The trail from the lower lot to the visitor center has a decomposed granite surface that has loosened and is deep in places, which may be problematic for wheelchairs with small castors.

Trail/Pathway Details

Back Bay Dr. to Vista Overlook

Trailhead: Back Bay Dr. at Big Canyon parking lot

Length: Over 4 total miles

Typical Width: 4 ft. & above

Typical Grade: Mostly level or gentle

Terrain: Hard

The interpretive trail is firm and easy to roll on.

Description

This road, used by pedestrians, bicyclists, and motorists, hugs the eastern side of the estuary for 3 miles from the Back Bay Science Center at Shellmaker Road to Vista Point on the corner of Eastbluff Drive. Though it is open to cars in one direction, there are very few and the speed limit is 15 mph, so I was comfortable sharing the road. On the one-mile stretch that I rolled (I drove out the rest of the way), you are level with the wetlands and the views are great—they're especially vibrant in the evening, when the low sunlight strikes the water, fish jump, and birds gather to feed and roost.

I highly recommend taking the self-guided interpretive trail from an accessible entrance a few hundred yards beyond the Big Canyon parking lot. If you use the entrance across from the lot, the trail quickly becomes impassable due to a step up to a bridge. Hiking this trail is a completely different experience from traveling along the road; here you pass through six distinct habitats and among trees and bushes. Many people don’t even realize the trail is there.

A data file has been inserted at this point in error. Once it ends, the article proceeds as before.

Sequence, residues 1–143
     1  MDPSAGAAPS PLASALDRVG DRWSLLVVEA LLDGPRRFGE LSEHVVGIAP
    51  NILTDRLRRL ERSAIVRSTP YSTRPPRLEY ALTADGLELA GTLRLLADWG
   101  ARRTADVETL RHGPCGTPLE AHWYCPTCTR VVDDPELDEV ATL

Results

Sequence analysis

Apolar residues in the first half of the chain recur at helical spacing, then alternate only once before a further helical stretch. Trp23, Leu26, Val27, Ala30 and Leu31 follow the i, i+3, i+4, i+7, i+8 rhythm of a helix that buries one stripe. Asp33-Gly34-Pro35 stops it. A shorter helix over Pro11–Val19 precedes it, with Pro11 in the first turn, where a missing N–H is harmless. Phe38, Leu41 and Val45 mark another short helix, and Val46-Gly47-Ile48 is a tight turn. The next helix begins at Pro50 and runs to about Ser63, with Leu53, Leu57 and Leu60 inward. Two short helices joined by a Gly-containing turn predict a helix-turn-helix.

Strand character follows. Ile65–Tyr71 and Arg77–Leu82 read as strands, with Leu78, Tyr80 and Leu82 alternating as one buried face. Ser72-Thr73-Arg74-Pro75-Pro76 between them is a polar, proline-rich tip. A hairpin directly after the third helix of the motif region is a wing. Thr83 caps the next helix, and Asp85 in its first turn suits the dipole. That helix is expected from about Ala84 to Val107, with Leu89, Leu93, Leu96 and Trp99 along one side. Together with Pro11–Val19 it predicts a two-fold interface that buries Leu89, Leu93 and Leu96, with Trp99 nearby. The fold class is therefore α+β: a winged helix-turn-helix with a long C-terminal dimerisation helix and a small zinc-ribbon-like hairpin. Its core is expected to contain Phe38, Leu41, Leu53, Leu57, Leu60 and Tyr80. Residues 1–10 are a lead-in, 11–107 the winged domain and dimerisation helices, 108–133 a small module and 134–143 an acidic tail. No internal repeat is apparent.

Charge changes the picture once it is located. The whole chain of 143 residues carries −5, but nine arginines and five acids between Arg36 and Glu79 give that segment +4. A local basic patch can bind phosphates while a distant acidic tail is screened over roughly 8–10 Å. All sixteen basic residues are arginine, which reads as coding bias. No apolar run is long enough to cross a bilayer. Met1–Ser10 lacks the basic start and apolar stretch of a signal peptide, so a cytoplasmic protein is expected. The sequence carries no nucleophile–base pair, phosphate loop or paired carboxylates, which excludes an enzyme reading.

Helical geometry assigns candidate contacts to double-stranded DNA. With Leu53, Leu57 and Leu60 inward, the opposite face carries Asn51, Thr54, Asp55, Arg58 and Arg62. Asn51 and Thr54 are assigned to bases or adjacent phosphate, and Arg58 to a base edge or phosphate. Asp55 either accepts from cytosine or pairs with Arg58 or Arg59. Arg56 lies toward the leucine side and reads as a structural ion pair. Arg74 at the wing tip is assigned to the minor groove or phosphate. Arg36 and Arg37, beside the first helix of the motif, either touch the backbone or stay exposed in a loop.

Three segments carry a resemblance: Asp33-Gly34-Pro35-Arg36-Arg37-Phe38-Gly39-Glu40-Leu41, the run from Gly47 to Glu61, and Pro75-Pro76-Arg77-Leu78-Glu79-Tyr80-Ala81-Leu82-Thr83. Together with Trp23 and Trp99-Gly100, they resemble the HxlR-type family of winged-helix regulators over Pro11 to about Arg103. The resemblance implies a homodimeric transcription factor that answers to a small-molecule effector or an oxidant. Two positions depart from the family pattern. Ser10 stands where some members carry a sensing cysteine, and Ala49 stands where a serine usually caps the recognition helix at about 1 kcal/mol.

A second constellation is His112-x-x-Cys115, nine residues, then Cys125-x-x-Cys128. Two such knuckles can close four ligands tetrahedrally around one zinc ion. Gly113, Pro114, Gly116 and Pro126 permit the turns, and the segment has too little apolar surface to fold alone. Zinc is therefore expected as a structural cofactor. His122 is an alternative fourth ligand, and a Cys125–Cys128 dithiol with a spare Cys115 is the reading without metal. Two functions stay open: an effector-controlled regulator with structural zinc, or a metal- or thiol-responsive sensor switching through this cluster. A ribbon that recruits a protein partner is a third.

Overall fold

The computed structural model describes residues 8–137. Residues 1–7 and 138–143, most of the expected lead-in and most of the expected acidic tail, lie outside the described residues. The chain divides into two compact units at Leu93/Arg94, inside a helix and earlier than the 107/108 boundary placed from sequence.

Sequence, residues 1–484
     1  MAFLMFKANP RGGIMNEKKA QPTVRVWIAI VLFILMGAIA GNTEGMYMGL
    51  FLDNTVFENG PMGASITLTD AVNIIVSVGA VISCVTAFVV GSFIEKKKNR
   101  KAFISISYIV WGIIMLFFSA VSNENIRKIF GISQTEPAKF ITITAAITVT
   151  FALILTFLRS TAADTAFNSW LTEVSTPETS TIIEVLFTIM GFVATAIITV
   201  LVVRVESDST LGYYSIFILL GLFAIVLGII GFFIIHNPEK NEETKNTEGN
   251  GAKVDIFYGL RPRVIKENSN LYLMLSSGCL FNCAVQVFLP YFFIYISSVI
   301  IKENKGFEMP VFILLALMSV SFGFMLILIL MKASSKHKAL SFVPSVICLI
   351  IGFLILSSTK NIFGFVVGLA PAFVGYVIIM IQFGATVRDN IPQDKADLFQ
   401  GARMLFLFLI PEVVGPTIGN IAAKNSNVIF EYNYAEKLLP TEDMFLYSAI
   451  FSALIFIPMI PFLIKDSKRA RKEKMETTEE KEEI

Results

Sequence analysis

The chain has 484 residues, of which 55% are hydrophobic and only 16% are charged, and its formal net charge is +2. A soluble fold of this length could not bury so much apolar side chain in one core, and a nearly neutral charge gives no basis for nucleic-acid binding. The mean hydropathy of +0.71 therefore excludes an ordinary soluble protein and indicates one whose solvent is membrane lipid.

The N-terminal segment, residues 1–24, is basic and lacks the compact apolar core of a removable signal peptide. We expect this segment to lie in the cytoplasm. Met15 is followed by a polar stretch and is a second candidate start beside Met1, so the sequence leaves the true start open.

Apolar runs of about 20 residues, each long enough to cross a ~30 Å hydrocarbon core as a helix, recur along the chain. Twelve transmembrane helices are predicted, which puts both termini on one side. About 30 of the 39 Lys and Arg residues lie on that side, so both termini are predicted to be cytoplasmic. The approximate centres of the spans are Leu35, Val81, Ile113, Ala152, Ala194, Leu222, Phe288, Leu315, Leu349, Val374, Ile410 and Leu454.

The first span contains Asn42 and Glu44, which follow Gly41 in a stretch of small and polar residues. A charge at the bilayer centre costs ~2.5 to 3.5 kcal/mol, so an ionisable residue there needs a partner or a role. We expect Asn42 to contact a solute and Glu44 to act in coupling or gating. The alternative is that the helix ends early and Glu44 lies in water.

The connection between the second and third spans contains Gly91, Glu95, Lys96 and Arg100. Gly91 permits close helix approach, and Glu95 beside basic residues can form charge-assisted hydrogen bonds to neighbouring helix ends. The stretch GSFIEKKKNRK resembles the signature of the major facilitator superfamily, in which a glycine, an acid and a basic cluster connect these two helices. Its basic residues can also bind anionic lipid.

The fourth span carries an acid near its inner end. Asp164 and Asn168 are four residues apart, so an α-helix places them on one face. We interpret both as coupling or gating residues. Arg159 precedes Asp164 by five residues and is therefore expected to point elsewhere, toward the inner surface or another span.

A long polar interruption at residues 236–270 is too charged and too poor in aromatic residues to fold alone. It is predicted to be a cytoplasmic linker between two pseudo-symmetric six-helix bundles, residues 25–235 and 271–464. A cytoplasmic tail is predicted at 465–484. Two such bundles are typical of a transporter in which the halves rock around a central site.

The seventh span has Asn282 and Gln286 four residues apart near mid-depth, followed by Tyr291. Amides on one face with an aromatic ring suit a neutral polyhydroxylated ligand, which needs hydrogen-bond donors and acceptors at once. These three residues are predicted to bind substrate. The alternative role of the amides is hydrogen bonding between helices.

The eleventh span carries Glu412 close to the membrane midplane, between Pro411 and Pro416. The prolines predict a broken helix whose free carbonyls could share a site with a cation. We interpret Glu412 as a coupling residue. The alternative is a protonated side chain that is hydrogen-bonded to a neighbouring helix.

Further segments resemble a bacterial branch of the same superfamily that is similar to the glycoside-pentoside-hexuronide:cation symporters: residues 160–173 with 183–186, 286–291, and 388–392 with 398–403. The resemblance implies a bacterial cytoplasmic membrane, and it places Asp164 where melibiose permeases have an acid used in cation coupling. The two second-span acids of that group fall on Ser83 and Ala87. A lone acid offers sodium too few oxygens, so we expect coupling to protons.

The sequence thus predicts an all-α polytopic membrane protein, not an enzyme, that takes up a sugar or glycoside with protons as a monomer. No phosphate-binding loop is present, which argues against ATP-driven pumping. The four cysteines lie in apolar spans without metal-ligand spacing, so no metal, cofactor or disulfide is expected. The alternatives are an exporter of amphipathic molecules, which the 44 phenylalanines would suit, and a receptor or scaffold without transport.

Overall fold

The drive from the parking lot to Eastbluff Drive was enjoyable, with great views of the estuary, but if you roll the entire way you will encounter a very steep hill just as you approach the vista overlook on Eastbluff. You won’t miss much if you turn around before the hill and head back to the parking lot.

Interpretive Center to Jamboree Rd.

Trailhead: Visitor center

Length: 2-4 total miles

Typical Width: 4 ft. & above

A 5’ section at the top of the butterfly garden is only 29” wide.

Typical Grade: Mostly level or gentle

There is one very steep section if you continue on to Back Bay Dr.

Terrain: Hard

Description